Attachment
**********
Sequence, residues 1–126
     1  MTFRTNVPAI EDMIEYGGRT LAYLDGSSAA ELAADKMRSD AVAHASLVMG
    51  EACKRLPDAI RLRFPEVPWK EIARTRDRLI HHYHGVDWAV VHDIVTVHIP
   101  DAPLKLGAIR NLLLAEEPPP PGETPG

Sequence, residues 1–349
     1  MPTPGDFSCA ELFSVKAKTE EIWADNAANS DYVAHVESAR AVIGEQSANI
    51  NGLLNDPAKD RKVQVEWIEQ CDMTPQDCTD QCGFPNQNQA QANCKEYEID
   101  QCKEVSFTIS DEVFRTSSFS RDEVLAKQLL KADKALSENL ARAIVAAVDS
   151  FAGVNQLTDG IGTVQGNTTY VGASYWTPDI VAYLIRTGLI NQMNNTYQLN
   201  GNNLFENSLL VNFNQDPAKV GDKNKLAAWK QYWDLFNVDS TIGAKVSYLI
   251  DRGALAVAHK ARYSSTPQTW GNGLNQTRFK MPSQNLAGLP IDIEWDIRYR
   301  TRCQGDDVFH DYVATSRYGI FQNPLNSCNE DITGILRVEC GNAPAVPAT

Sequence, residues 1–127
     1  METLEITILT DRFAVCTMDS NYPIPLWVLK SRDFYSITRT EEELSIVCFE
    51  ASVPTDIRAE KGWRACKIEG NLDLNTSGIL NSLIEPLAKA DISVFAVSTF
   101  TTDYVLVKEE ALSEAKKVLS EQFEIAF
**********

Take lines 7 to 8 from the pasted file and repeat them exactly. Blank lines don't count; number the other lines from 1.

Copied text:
    51  NGLLNDPAKD RKVQVEWIEQ CDMTPQDCTD QCGFPNQNQA QANCKEYEID
   101  QCKEVSFTIS DEVFRTSSFS RDEVLAKQLL KADKALSENL ARAIVAAVDS